The NIST gonio-spectroradiometer is used to measure total spectral radiant flux (TSRF) of incandescent lamps. The instrument consists of a 3-axis scanning mechanism; an array spectroradiometer equipped with a fast, cooled (-10oC) charged-coupled device (CCD), and a computer system that controls the instrument’s motion and acquires data.
The short arm of the 3-axis scanning mechanism is used to set up the lighting orientation of a test lamp. The long arm rotates the irradiance head of the spectroradiometer around the θ axis. And, the lamp holder rotates around the φ axis. The dead angle of θ is ± 3 degrees due to the mechanism of the lamp holder (that is, 0o < θ < 177o). The scanning motors for both θ and φ axes stop when a measurement occurs. For a scanning angle interval of 10o for both θ and φ, the total time for measuring a test lamp is approximately one hour.
On the long arm of the 3-axis scanning mechanism, an irradiance head with approximate cosine response (a UV transmissive diffuser with diameter of 15 mm) is mounted to end and has a rotation radius for θ of ≈1.25 m. Errors from scattered ambient stray light are minimized with a hood mounted on the irradiance head to limit the field of view within the light trap mounted on the other end of the long arm.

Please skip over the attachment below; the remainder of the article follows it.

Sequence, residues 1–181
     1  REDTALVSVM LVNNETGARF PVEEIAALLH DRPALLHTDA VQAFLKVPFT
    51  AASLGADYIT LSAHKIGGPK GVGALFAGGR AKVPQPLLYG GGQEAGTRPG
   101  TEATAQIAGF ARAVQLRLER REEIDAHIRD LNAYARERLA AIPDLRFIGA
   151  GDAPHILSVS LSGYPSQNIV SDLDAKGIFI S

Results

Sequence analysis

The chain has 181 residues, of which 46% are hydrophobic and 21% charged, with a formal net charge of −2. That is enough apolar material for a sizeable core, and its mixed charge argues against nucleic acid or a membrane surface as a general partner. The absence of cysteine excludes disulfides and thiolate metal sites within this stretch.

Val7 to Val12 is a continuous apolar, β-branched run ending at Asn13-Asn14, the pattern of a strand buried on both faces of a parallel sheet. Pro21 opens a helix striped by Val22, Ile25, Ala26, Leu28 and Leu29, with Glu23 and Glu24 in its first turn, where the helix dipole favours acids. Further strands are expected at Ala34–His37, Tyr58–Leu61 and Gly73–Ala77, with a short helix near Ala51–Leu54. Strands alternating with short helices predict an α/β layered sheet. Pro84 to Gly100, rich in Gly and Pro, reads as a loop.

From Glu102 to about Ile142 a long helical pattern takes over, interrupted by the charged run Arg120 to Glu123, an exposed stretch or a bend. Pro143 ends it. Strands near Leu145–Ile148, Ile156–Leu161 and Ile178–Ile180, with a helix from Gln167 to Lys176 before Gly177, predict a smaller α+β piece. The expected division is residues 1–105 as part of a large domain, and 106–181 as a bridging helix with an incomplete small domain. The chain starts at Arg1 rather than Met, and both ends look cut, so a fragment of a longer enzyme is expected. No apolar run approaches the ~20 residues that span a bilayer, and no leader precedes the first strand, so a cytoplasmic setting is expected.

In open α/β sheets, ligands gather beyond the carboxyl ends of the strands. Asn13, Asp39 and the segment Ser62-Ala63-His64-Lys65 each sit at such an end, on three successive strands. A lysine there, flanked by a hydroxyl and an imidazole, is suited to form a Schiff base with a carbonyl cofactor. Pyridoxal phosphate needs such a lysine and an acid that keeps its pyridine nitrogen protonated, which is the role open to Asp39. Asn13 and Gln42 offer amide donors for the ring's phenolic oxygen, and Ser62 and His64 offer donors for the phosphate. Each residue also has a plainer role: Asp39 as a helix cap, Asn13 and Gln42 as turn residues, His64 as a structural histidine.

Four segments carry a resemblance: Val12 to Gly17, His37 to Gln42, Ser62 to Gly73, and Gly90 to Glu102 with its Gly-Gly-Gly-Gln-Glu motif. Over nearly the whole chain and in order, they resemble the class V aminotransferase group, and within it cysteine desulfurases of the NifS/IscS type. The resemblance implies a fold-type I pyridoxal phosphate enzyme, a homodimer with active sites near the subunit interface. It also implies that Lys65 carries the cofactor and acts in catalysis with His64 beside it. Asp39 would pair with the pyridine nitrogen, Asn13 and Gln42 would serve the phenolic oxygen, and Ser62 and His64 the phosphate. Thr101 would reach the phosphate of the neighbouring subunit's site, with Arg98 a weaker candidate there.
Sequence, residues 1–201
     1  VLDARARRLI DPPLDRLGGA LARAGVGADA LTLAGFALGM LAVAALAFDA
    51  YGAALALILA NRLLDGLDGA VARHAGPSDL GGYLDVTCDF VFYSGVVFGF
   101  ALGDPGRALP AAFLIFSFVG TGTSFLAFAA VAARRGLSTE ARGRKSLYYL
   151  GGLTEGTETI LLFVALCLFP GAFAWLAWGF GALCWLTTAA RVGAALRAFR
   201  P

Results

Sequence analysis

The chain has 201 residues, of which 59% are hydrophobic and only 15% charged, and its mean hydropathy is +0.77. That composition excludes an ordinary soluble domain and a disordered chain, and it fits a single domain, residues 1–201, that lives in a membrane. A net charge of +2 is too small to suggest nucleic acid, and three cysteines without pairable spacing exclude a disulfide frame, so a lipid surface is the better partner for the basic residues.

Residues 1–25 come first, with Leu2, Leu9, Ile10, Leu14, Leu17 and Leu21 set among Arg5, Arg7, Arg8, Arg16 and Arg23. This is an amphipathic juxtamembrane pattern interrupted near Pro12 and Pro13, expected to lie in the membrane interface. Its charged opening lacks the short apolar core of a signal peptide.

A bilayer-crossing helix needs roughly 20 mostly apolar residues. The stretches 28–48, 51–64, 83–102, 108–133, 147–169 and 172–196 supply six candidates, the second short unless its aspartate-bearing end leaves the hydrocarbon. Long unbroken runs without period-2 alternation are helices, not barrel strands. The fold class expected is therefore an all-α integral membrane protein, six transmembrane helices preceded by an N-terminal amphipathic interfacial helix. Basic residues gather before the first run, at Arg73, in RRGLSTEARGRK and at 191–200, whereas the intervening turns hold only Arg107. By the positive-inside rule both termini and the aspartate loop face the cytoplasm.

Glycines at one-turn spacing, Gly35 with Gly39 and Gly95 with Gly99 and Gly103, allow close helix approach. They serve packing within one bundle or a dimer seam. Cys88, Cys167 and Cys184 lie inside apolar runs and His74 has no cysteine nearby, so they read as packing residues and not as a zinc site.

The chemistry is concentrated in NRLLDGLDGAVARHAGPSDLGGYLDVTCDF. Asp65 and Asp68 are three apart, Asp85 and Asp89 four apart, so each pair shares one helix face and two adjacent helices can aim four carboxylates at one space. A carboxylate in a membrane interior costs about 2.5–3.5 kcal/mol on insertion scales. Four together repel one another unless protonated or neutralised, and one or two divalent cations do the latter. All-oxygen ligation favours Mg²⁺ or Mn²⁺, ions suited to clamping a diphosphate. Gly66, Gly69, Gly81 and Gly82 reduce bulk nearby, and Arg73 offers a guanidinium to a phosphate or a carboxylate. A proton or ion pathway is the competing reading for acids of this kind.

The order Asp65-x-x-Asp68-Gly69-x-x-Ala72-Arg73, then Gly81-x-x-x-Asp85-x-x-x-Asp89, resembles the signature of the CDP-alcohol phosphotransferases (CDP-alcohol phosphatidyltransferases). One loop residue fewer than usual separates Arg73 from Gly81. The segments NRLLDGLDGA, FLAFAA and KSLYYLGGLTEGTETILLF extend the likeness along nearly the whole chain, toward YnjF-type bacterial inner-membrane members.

Attached to the fixed frame of the gonio-spectroradiometer is the CCD array spectroradiometer. A 5 m quartz fiber bundle couples the rotating irradiance head to the stationary array spectroradiometer. The twisting effect of the fiber bundle on the responsivity of the spectroradiometer was tested to be less than 0.1 %. Two spectral irradiance standard FEL lamps are used to calibrate the spectroradiometer with the arm of the irradiance head oriented horizontal (θ = 90°).
Nonlinearities in the signal and errors from spectral stray light have been characterized and corrected for the spectroradiometer. Corrections are applied for all measurements. This includes the standard FEL lamps measurements (for relative spectral irradiance responsivity calibration) and the test lamp measurements at every viewing angle.